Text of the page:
May 11, 2014

Today's Hotness: Gold-Bears, Bozmo, Mincer Ray

Gold-Bears -- Dalliance (detail)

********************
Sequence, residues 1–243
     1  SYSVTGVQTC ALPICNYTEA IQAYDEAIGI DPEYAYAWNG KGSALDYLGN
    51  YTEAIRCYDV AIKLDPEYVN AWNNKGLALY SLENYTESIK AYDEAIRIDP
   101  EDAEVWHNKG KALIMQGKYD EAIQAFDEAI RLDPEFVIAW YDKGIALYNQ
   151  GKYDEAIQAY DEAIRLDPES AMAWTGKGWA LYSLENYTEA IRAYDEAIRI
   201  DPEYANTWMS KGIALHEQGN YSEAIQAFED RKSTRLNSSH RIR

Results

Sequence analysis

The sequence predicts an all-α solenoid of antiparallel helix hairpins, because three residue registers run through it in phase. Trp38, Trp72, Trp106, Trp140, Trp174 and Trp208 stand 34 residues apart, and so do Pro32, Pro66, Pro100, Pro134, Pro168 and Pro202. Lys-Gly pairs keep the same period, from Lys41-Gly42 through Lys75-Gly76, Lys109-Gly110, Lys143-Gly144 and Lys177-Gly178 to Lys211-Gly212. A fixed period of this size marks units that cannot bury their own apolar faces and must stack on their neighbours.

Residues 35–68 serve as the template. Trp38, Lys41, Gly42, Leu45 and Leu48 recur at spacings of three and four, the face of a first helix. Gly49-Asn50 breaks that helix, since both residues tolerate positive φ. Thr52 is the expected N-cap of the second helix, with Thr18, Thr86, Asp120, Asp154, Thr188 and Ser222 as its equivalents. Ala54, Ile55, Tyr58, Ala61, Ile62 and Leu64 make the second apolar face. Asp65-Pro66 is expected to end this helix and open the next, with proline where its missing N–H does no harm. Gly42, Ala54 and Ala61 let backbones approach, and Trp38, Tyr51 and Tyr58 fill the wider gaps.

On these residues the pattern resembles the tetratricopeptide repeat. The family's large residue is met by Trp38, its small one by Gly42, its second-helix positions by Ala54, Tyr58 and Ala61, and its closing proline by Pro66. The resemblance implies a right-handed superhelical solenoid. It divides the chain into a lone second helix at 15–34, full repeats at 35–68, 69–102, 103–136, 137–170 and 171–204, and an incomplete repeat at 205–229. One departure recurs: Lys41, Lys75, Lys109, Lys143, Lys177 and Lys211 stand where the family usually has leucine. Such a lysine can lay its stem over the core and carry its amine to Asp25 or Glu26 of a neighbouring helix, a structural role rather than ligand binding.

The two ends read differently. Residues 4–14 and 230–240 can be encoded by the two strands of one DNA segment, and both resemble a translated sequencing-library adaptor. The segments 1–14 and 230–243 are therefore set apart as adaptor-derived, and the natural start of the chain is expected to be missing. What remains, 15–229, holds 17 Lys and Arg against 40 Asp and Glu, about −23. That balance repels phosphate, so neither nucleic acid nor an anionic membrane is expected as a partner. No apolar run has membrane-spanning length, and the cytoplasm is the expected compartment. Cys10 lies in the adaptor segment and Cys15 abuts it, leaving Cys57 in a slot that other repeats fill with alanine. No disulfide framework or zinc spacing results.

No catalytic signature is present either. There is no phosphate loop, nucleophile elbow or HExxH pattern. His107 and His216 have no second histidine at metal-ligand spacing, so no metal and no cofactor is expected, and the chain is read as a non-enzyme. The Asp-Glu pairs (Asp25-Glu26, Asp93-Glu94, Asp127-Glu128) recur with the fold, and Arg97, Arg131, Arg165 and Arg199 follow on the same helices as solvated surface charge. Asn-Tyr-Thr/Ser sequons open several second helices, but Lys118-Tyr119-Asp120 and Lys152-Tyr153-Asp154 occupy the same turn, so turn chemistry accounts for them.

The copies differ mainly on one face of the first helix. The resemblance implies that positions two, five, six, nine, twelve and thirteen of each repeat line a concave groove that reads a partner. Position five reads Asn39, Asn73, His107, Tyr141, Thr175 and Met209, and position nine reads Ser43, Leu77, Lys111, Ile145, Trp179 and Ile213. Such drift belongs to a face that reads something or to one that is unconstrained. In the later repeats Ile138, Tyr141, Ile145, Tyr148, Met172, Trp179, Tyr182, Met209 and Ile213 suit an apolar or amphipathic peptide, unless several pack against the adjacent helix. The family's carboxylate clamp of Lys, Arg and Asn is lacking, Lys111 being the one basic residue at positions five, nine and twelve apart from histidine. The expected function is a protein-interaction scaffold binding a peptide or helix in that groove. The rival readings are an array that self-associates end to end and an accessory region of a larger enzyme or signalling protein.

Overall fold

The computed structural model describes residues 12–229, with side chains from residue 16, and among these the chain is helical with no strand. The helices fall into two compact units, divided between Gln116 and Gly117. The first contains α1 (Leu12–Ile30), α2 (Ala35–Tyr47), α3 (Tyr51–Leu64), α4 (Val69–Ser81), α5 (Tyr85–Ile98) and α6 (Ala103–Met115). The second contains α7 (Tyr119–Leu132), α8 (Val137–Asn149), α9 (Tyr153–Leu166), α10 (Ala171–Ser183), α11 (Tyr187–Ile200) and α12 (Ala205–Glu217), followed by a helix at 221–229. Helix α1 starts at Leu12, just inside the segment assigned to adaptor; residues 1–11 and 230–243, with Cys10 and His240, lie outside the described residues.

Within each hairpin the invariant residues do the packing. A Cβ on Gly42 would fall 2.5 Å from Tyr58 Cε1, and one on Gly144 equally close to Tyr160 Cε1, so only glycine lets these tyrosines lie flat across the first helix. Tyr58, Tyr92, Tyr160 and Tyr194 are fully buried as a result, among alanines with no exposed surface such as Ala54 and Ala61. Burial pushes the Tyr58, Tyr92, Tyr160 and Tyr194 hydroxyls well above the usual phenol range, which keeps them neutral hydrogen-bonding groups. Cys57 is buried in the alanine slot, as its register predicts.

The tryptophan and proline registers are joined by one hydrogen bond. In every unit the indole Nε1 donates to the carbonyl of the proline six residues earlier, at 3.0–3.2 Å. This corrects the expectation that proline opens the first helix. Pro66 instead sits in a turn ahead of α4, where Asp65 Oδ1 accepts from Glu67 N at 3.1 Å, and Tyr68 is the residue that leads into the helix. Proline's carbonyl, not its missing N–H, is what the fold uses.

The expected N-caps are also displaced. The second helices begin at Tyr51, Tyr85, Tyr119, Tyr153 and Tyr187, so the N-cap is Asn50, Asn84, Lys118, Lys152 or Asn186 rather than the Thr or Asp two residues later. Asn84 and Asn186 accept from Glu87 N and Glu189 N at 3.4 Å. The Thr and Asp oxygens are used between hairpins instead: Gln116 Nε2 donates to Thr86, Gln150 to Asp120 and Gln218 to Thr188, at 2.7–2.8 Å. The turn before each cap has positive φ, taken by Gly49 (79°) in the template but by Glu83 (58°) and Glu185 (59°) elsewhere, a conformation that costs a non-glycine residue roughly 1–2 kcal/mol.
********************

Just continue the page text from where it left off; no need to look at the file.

>> From its humble beginnings, the Slumberland Records catalog has always possessed a great spiritual unity, and an argument can be made that the revered label's aesthetic, as mapped by its recent output, is becoming more outwardly emotional and mature. It's in the remarkably affecting, folk-inspired rock of Withered Hand, and it's in the dazzling, exuberant new single "Simple And Sure" from The Pains Of Being Pure At Heart (who, strangely, are releasing the full-length that contains the single via a different label, Yebo). And it's also in the sparkling anthems of Atlanta-based guitar-pop giants Gold-Bears. That quintet's sophomore effort Dalliance will be released June 3 -- incidentally, the day after the band performs at Cambridge, Mass.'s Middlesex Lounge with local indie pop standouts Bent Shapes and shoegaze titans Soccer Mom [dee-tails]. As with another upcoming SLR band, The Proper Ornaments, Gold-Bears' two preview singles (the latest being the cascading, co-ed rush "Yeah, Tonight") draw from the '60s-influenced side of Slumberland's classic pop aesthetic, while pushing the emotion to the forefront in less usual ways. The first single "For You," is a step forward for Gold-Bears, particularly in terms of both audio fidelity and composition, when compared with the five-piece’s delightful 2011 debut. The song's impact is predicated on minimal, Ramones-inspired power chords and a thoughtful arrangement. What might at first seem a continuation of the band's frustrated, punk-ish yelp-pop in the tune's first half, though, shifts suddenly to a succession of refreshingly clear moments of triumph. At roughly the half-minute mark, a piano smartly lays a wedding-bell progression against the grind of the band, and emotionally flattens everything in the song's proverbial path. It's a simple move, but when that instrument counterbalances the fierce chord progression, it sets up a tight-throated rush that suddenly imbues aggressive lines like "You're a mistake" with a serious twist. Have you ever watched a song grow up before your very eyes? Spend three minutes with this one for sure: you can stream it via the Soundcloud embed below, and pre-order Dalliance from Slumberland right here. -- Edward Charlton